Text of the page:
Amount of copper and lead in water lines to have significant impact on operation of Trenton Municipal Utilities

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At Monday night’s meeting of the Trenton City Council, Utility Director Ron Urton presented information that he says will have a significant future impact on Trenton Municipal Utilities, particularly with operations, projects, and funding.

Urton said he’s been viewing webinars on the new EPA lead and copper rule regarding underground mains. Urton indicated an inventory of the TMU lead, copper, and galvanized lines is due to the government by the year 2024.

Online information says the lead and copper rule is a federal regulation that limits the concentration of lead and copper allowed in public drinking water at the consumer’s tap. Another requirement is to limit the permissible amount of pipe corrosion occurring due to the water itself.

The Environmental Protection Agency has stated studies have concluded copper and lead have had adverse effects on individuals. An effort is to be made to determine copper and lead levels for customers who use lead plumbing parts and eliminate the water as a source of lead and copper. If the lead and copper levels exceed “action levels” water suppliers are required to educate consumers on how to reduce possible exposure to lead. Too much exposure, the study says, can cause damage to the brain, red blood cells, and kidneys, especially for young children and women who are pregnant.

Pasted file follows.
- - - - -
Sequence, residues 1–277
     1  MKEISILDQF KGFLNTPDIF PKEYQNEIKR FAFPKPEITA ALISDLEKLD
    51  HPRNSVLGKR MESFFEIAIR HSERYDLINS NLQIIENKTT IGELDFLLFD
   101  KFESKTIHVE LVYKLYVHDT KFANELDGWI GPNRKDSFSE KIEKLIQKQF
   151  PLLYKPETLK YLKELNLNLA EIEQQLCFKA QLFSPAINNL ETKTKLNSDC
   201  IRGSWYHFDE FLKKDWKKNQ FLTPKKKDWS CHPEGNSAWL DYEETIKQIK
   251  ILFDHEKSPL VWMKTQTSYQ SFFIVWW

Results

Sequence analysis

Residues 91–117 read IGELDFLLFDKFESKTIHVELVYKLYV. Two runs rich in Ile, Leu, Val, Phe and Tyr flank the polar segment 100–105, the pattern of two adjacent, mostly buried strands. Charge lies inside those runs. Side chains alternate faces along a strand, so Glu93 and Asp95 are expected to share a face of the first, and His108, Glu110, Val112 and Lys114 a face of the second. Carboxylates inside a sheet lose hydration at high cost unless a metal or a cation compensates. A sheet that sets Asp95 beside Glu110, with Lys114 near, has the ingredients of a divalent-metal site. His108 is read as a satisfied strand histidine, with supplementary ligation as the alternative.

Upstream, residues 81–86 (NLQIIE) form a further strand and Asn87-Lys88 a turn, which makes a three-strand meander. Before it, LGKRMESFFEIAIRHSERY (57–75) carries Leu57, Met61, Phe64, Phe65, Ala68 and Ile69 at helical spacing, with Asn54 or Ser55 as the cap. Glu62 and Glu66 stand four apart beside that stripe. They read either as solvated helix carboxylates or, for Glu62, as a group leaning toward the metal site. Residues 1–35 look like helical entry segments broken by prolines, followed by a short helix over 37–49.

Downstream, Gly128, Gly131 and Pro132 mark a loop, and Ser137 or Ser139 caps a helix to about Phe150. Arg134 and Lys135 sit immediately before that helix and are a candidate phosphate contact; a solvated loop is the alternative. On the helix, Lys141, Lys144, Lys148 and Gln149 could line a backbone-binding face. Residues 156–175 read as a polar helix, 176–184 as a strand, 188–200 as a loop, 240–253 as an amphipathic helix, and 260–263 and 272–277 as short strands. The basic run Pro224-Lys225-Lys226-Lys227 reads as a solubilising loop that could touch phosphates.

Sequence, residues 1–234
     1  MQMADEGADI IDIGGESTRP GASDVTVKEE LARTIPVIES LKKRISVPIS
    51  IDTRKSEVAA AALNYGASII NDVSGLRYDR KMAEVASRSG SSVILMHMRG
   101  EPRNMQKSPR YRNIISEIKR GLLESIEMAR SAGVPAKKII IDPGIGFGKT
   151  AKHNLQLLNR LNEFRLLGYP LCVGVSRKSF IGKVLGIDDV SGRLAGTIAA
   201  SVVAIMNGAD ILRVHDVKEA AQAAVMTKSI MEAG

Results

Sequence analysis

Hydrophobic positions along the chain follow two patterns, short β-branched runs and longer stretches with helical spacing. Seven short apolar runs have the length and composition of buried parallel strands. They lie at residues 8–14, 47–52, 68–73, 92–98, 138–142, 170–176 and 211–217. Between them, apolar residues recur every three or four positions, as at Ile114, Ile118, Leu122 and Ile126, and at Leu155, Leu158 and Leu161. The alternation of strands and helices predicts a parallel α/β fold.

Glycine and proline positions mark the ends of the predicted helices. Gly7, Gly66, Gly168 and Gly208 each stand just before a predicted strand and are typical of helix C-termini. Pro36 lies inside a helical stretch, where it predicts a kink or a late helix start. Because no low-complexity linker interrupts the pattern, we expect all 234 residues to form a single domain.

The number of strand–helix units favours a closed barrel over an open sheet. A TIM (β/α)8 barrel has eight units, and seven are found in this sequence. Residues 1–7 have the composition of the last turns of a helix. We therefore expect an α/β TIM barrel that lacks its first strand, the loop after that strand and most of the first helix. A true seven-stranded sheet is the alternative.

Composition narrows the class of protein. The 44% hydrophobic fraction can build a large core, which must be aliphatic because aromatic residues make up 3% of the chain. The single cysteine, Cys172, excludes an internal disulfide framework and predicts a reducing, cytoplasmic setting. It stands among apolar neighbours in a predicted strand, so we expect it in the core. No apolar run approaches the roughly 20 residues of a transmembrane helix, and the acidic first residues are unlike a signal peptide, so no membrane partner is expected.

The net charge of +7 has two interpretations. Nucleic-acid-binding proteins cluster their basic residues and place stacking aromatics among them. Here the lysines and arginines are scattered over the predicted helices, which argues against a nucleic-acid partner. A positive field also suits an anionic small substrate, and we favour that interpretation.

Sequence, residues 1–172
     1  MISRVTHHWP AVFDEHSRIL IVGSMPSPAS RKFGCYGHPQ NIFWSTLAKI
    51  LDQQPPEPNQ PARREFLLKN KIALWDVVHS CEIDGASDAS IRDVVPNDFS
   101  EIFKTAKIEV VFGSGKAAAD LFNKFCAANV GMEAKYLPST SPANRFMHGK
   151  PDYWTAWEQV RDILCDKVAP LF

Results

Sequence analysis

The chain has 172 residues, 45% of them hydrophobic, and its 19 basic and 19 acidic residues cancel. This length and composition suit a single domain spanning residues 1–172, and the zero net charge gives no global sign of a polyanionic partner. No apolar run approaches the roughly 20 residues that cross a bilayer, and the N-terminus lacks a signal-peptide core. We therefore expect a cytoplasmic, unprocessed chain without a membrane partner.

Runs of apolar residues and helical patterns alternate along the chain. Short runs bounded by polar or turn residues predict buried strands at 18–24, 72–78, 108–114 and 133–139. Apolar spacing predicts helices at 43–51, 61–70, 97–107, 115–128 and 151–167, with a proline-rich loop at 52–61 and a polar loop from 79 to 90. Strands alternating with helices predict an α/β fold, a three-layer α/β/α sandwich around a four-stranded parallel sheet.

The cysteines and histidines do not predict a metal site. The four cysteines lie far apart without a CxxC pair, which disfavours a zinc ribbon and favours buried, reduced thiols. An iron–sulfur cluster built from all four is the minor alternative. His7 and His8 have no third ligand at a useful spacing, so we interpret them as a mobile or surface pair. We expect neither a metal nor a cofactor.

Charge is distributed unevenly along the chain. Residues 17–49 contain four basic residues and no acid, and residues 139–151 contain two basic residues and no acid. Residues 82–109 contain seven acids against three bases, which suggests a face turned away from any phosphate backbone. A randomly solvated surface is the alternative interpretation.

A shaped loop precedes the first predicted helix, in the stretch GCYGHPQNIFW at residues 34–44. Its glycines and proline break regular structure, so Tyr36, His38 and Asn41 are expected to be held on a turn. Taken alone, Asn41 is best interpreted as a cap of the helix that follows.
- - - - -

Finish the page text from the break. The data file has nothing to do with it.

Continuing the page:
Most of the lead found in drinking water leaches from lead service lines also from customers’ pipes and fittings, rather than from the source water. As a result, sampling is done from the customer’s tap. Trenton has been cited in past years for some older residential areas where a higher than allowed concentration of lead was present.

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